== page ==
Responding to allegations of abuse that happened a long time ago (historical abuse)

Often, someone who has been abused cannot talk about abuse they have suffered until many years later.

This is especially true of sexual abuse, where the victim feels ashamed, or thinks no-one will believe what s/he says. These cases are described as historical ; and they are taken just as seriously as new cases. If someone has sexually abused or assaulted someone, it is highly probable that there will be other victims. If the abuser is alive, whatever the age, they are likely to pose a risk to others, now and in the future. Police, Social Care agencies and the Church are well used to dealing with historical allegations. The Diocesan Safeguarding Adviser can advise and support you in this situation.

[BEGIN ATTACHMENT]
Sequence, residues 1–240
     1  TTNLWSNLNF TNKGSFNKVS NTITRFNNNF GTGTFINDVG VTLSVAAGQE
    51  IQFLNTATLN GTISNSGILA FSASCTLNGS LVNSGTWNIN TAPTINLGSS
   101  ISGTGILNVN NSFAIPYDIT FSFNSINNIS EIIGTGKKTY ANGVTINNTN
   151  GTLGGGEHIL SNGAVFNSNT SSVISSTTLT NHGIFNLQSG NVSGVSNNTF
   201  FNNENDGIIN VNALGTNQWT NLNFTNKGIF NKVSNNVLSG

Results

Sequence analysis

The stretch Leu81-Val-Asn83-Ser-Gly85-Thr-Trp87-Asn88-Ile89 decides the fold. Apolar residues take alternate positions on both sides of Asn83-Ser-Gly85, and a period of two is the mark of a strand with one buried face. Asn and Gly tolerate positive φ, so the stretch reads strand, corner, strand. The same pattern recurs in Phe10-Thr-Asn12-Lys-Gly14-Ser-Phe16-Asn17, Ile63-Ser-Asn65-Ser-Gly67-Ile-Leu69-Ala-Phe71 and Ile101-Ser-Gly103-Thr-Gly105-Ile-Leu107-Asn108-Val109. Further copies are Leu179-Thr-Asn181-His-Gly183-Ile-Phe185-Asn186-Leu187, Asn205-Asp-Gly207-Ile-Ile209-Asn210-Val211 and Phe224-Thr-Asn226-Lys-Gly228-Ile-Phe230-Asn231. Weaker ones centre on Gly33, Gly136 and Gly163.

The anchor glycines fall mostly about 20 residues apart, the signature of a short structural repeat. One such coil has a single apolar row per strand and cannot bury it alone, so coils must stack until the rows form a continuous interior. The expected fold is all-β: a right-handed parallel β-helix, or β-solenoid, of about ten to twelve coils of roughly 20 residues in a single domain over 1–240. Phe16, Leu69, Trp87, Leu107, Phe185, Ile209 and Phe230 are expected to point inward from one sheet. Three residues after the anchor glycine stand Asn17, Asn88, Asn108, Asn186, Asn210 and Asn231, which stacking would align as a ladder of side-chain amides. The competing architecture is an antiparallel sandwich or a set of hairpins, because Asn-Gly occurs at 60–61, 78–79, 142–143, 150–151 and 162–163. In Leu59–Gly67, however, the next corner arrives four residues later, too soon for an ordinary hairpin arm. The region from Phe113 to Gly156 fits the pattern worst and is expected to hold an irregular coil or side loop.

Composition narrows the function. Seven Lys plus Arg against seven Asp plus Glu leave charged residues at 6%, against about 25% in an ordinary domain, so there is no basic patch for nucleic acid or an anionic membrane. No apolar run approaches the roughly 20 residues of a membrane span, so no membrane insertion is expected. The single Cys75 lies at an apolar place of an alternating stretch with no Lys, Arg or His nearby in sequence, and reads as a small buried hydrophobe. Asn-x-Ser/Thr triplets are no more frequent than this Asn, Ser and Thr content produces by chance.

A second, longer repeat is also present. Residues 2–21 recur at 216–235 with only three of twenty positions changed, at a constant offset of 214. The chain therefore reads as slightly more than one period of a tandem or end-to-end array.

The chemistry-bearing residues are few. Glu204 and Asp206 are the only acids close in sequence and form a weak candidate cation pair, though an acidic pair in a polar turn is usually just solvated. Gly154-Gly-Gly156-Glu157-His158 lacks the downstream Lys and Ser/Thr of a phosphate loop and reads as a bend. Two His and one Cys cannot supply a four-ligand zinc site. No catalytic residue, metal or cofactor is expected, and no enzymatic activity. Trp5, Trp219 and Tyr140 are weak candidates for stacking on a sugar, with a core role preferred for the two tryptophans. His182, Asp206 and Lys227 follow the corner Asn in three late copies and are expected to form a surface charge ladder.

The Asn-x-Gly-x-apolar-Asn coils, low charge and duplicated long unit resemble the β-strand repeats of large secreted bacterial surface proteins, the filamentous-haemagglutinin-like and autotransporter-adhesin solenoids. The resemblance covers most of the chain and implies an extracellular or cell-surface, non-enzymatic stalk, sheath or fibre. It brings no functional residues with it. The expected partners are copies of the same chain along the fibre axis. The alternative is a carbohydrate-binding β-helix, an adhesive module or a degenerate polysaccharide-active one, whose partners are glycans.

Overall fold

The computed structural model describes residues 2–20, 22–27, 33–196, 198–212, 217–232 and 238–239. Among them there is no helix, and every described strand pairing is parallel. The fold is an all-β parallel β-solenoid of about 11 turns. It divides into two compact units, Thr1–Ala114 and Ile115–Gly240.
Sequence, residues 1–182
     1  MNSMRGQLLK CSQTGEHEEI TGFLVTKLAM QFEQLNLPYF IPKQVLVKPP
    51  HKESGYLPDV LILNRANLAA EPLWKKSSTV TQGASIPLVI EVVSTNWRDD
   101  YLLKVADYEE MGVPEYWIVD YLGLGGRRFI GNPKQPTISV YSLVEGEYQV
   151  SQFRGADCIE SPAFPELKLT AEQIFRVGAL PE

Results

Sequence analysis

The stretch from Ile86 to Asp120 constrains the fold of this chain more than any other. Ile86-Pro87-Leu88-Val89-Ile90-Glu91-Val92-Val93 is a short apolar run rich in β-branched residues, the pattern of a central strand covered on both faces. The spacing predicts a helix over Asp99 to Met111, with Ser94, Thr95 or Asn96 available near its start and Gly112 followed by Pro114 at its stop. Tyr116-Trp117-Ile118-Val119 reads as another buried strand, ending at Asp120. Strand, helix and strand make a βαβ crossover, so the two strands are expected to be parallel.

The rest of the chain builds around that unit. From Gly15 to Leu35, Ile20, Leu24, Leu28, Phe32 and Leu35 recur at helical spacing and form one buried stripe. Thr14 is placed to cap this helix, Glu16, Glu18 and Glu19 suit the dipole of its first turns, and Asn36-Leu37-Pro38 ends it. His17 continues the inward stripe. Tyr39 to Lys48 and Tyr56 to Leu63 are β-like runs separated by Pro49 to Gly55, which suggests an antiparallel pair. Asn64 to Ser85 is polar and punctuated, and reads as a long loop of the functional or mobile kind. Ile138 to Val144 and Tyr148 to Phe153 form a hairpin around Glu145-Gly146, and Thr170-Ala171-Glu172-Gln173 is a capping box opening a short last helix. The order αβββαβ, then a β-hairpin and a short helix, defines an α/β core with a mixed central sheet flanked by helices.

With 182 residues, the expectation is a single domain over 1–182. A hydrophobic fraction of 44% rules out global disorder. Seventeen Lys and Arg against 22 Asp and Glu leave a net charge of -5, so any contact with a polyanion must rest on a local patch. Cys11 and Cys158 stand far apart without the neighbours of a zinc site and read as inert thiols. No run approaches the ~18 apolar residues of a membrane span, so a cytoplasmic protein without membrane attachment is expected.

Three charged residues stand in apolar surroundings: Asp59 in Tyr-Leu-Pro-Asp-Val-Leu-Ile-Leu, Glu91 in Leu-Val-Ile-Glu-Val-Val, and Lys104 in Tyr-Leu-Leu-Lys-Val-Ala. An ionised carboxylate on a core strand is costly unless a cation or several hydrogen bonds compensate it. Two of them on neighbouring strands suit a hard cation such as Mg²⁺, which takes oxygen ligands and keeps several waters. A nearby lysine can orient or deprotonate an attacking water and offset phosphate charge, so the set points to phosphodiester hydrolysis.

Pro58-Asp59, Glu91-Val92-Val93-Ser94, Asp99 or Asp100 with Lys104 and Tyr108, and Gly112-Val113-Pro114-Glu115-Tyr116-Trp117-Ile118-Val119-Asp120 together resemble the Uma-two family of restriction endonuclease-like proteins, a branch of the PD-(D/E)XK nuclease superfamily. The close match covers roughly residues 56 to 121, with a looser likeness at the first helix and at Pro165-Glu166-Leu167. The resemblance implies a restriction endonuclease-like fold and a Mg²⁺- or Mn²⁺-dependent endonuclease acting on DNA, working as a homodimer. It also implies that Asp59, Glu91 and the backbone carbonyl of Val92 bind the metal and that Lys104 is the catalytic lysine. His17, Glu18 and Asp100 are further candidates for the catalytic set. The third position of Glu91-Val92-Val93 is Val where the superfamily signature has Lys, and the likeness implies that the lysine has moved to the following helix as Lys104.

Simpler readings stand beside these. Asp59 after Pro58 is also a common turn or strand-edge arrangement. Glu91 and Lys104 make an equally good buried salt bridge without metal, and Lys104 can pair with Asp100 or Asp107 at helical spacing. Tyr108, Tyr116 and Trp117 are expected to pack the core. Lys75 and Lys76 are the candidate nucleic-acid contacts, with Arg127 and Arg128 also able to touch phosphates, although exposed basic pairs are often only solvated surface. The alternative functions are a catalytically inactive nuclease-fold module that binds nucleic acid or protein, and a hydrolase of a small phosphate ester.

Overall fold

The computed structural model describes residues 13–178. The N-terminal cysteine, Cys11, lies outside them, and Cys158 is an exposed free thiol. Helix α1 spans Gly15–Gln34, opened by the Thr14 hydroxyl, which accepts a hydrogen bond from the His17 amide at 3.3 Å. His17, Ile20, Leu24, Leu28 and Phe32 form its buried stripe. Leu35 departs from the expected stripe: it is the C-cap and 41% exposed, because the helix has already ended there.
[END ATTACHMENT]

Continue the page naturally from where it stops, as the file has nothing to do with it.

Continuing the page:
Historical allegations of sexual abuse can come as a complete shock to members of the family and community around the alleged abuser. They may refuse to believe the allegation, and can place intense pressure on the alleged victim to withdraw what has been said and on other people not to believe him/her. The safeguarding co-ordinator should ensure that all those involved have access to support, which can come from inside or outside the church circle (but not usually from the same person, as there may be conflicts of interest).

Further Information about this can be found in The House of Bishops document.

Responding well to those who have been sexually abused (2011);

Working Together (2015 edition) explains of the roles of each agency in safeguarding children.